Therefore, we shouldn’t be too hard on Dr. Oz. He’s only an ologist.

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7 Responses to Dr. Oz, the Cardiovascular Surgeon, Doesn’t Understand High Blood Pressure

  1. Tracie Updike MD on February 5, 2012 at 9:40 am

    Right On!! As a family doctor, I see strange blood pressures in my office and I tell every one of my patients Don’t panic it will be OK. If everyone with a blood pressure of 160 went to the ER; they would really be overwhelmed. Thank you Dr Young I can’t tell you how much I appreciate your insight.

  2. Charles Waddell on March 6, 2012 at 8:44 pm

    Dr Oz did it again today. He repeated the “160-off to the ER right away” statement. And he keeps pushing the “ideal” of 115/76. Maybe if you are 16 that might be true but I’m way older than that. As one who has been miserable for 2 years since being told I would “die soon” if I didn’t take the meds I am extremely frustrated with this numbers game and the constant pushing of potentially dangerous drugs.

  3. John Machata on March 11, 2012 at 9:17 pm

    No doubt Dr. Oz’s to Emergency for a systolic over 160 is pure balderbash. As for Dr. Oz’s “ideal” pressure, I suspect he is much closer to the mark. At 115/75 there is no morbidity which increases exponentially as the numbers increase. Over 140/90 ologists and family doctors agree is associated with significant morbidity and mortality. Expect JNC VII to lower the bar.

    • Richard Young MD on March 12, 2012 at 11:02 pm

      Dr. Machata,

      A treatment goal of 115/75 is balderdash as well.

      Several studies have shown that lowering blood pressures with medication below 140/90 does not change outcomes, including the Hypertension Optimal Treatment (HOT) trial (The Lancet, Volume 351, Issue 9118, Pages 1755 – 1762, 13 June 1998) and more recently the ACCORD BP trail (Cushman WC, Evans GW, Byington RP, et al; The ACCORD Study Group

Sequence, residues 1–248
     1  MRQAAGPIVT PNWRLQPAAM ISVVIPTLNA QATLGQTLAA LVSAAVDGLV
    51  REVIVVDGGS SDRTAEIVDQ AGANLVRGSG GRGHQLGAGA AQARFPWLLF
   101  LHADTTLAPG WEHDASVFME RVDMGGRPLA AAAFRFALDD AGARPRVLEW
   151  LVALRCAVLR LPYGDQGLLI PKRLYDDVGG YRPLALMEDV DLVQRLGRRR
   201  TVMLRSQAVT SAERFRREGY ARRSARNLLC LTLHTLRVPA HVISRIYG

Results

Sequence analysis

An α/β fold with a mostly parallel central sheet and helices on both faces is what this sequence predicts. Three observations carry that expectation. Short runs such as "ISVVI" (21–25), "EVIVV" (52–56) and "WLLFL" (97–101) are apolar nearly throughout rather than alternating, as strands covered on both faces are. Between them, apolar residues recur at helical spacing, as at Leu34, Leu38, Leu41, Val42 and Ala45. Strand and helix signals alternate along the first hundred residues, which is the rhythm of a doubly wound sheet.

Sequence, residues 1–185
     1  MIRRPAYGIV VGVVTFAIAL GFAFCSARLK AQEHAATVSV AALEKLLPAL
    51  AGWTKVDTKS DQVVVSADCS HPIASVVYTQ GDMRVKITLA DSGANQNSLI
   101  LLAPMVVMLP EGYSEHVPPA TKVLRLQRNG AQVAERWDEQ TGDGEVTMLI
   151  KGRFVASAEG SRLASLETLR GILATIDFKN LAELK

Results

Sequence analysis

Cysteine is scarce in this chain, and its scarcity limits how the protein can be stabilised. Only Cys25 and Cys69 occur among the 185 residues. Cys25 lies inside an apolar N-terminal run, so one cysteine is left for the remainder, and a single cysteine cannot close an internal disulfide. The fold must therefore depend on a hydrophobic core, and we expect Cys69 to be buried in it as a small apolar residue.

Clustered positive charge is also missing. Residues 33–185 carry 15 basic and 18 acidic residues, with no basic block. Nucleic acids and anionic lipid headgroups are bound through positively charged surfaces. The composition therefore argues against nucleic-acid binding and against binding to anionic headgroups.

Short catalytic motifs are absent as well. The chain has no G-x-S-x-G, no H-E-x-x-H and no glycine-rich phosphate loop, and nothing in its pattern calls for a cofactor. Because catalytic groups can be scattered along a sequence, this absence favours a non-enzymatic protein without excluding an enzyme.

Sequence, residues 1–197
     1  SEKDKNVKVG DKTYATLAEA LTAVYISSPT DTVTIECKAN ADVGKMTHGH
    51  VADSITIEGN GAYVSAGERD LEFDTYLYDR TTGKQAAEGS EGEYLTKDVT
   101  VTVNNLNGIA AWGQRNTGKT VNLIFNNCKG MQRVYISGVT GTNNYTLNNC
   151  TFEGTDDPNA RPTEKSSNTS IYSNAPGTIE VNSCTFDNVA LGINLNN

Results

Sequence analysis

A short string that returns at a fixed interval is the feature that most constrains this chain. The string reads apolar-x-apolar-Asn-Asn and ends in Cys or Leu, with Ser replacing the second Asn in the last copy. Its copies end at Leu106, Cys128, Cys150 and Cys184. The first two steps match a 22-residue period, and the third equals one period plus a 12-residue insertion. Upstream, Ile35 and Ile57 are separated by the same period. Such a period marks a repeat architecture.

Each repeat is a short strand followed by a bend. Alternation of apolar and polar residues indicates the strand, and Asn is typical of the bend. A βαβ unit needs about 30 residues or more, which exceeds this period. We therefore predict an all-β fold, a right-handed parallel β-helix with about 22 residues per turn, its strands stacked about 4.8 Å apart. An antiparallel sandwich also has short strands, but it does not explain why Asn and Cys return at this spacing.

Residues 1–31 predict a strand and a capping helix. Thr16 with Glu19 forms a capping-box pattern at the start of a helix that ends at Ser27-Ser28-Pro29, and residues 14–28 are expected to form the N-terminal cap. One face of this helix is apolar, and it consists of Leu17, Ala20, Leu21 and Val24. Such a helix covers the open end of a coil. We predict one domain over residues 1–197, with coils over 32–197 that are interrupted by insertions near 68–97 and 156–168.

N Engl J Med. 2010;362:1575-1585). I’m aware of a subanalysis from a Chinese study that found that lowering the BP from 142 to 138 decreased the stroke rate (the FEVER trial I believe, but the magnitude of the reported benefit seemed way out of proportion to the blood pressure lowering to me), so at best it’s a mixed bag of evidence.

      There is no doubt that people who naturally have lower blood pressures have lower stroke and heart attack rates than people at naturally higher levels. However it is a fallacy to assume that giving people medications to achieve an intermediate goal (blood pressure) results in the same magnitude of benefit as the natural state. In spite of drug company fear-mongering, the truth is the pills available to us don’t work as well as we’ve been led to believe.

  4. Germaine on April 10, 2012 at 5:32 pm

    I have BPressure. That goes higher than 160 over 80 I am on seven pills . I feel. Sick, dizzy, fainting spells my eyes go out of focus . I feel over medicated and
    Am ready to throw my pills away My cardiologist says I have to be treated aggressively

    I need help
    Thanks

  5. Jean Jensen on October 31, 2012 at 10:27 pm

    My blood pressure varies from high 140’s to around 150 over 70 or less. was told to take medication for that plus for aortic valve problem Liprisil . Is That my only choice? medication makes me very fatigued. Thank you.

    • Richard Young MD on November 1, 2012 at 9:36 pm

      There are lots of other options. Discuss them with your family physician.